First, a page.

“I’ve been thinking a lot about normal,” said Caitlin Moran during her Bath Book Festival talk to promote Moranthology. “About how it’s assumed to be white, male and straight, and it shouldn’t be.” She didn’t directly address the criticism that she’s received over the last few days for what’s been interpreted as a failure to think outside her own comfortable identity as a white woman, but there it was: she’s been thinking about the assumptions around default humanity, and she doesn’t accept them.
What came next is the really important thing about Moran, the reason why her writing (personal writing in a personal column, the genre most likely to collapse into mewling solipsism and self-justification) includes some of the most powerful, inspiring, moving political journalism we have at the moment: her explanation for rejecting that version of the normal human is funny, pragmatic and bound up in her own experience as a working class girl. “It’s a waste,” she said. “If you’re only listening to one kind of person, you’re missing out on the brainpower of everyone else… and one of them, somewhere, could probably solve the financial crisis. That’s why I believe in equality.”
This was the jumping off point for a speech about the welfare state, and what the welfare state meant to her family, that beat the whole of the Labour Party conference and left it rolling in the dirt. It was mighty. It was moving. It was gracious: “If you pay tax, thank you for the clothes, the food, the libraries… Thank you, and I have paid you back.” Moran standing on a stage being funny and clever and wildly gorgeous is a better argument for redistribution than any number of wonkish disquisitions on the wonders of Sweden. She’s the poster product and the greatest proponent of a system designed to let people rise up rather than be crushed down.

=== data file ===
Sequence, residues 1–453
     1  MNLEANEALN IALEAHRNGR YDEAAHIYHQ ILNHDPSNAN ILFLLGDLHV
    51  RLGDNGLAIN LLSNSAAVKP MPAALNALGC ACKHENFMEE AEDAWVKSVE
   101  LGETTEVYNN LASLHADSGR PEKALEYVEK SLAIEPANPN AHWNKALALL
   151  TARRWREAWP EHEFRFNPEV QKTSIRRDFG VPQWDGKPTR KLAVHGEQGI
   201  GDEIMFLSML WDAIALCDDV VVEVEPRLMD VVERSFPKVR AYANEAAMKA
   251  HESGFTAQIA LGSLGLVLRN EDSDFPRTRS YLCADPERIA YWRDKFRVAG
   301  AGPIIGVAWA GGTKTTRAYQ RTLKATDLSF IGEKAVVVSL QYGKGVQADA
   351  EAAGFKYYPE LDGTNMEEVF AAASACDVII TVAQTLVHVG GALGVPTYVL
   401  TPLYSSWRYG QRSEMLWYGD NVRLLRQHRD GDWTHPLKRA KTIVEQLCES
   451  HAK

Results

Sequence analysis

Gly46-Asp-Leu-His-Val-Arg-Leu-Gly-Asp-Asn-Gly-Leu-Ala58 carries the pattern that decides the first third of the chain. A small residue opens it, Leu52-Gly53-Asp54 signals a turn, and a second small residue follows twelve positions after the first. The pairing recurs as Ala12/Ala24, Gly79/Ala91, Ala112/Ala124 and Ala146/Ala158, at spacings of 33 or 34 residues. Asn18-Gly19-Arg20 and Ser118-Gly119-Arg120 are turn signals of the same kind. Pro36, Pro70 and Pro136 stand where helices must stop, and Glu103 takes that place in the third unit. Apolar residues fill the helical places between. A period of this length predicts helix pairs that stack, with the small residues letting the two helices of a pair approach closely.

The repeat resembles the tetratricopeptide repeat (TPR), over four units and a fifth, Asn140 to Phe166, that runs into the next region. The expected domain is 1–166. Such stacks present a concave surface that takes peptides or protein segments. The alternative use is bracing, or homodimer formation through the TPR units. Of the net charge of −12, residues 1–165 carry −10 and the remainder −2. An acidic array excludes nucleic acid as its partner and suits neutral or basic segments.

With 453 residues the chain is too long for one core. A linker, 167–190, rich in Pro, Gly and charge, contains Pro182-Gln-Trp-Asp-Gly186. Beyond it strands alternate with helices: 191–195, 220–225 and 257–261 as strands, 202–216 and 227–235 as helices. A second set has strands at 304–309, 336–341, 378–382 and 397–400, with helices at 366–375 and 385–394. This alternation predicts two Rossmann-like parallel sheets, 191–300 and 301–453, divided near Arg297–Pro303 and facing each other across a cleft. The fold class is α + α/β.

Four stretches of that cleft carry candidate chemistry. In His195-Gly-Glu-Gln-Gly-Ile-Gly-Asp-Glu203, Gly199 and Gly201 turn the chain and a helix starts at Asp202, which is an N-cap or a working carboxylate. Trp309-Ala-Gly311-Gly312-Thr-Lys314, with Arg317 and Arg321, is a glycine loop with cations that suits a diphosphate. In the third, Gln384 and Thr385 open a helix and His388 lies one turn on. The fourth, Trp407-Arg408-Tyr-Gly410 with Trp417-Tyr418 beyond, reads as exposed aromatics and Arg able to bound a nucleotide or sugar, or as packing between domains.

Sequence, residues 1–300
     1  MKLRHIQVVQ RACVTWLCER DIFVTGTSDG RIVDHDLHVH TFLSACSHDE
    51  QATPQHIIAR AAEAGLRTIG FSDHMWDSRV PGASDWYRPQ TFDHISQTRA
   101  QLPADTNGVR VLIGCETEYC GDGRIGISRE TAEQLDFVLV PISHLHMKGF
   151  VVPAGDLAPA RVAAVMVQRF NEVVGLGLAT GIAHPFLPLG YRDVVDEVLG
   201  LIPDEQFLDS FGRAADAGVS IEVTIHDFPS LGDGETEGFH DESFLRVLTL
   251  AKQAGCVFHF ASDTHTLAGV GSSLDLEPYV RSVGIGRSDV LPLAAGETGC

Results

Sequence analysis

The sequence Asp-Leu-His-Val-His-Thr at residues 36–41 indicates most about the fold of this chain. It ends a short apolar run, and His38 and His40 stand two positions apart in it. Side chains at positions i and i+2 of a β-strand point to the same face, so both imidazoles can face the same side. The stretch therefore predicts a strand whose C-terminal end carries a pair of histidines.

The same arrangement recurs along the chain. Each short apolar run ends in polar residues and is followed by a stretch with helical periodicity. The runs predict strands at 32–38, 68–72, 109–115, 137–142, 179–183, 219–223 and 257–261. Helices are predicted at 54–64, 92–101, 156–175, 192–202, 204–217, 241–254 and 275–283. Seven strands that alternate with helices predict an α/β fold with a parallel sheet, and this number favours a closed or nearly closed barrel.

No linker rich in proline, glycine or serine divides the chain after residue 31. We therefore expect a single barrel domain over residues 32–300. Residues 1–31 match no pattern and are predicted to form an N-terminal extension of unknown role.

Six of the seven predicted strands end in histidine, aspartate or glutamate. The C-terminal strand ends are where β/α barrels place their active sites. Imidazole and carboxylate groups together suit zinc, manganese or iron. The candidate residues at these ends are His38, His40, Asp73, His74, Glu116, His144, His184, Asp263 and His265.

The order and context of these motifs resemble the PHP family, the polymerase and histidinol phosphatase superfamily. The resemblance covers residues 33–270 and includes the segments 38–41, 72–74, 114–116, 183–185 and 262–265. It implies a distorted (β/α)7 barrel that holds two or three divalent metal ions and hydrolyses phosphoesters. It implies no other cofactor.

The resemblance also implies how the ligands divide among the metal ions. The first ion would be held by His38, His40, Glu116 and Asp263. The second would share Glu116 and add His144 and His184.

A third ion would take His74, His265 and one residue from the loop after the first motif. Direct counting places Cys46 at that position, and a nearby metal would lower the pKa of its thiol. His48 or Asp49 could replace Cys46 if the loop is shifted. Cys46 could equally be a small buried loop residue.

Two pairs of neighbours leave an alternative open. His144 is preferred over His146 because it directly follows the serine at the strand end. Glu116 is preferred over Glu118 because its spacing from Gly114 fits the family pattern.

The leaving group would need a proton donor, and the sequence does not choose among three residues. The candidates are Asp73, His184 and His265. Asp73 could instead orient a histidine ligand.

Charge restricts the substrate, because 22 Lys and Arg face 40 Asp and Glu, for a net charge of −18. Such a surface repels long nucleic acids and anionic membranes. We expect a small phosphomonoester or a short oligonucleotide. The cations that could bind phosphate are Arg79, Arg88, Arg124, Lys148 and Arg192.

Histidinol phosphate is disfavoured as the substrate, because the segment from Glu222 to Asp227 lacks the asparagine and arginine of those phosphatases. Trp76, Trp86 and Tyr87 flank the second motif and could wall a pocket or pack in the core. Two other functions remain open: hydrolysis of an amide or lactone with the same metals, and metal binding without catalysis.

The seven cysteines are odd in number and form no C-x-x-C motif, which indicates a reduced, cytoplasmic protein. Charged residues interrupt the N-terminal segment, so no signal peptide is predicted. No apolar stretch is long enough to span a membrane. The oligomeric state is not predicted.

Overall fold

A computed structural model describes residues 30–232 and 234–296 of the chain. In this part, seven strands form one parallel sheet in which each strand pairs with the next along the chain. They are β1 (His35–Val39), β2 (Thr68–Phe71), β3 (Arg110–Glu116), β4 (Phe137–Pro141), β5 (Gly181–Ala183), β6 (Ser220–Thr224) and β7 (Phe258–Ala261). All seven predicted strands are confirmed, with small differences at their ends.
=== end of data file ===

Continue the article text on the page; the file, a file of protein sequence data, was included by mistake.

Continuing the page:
And the audience applauded, loudly and for a long time, for the right of a disabled father, his wife and their eight children to be supported by the state. It was a beautiful moment. The thing is, Moran has charisma. She has shit tons of charisma, and by some glorious fluke of humanity, that charisma sits alongside a sense of justice and generosity. (We’re lucky: some generations end up with their greatest depository of charisma sharing person-space with a taste for fascism, or war, or generally fucking other people over.) She said she’s into revolution, and the most revolutionary thing she’s doing right now is using her own charm to make us look on other people as people.
This sounds like gushing fangirl talk, because it is gushing fangirl talk: there were a lot of gushing fangirls in that audience, including some near me who’d baked Moran a cake in tribute. She’s powerful and politically important because she inspires this kind of affection, and can direct it not just at herself, but at all the people whose lives you’ve barely thought to imagine. (Her column Unlike Most Of The Coalition, I Was Raised On Benefits is a magnificent example of this, and it’s included in Moranthology.) There’s been a lot of chatter this week about whether Moran is ideologically sound. I think she’s better than sound: she’s downright good, able to listen to criticism and able to charm people who profoundly disagree with her into listening. Against cold, cynical, cutting cruelty, Moran’s warmth is the best kind of opposition we have.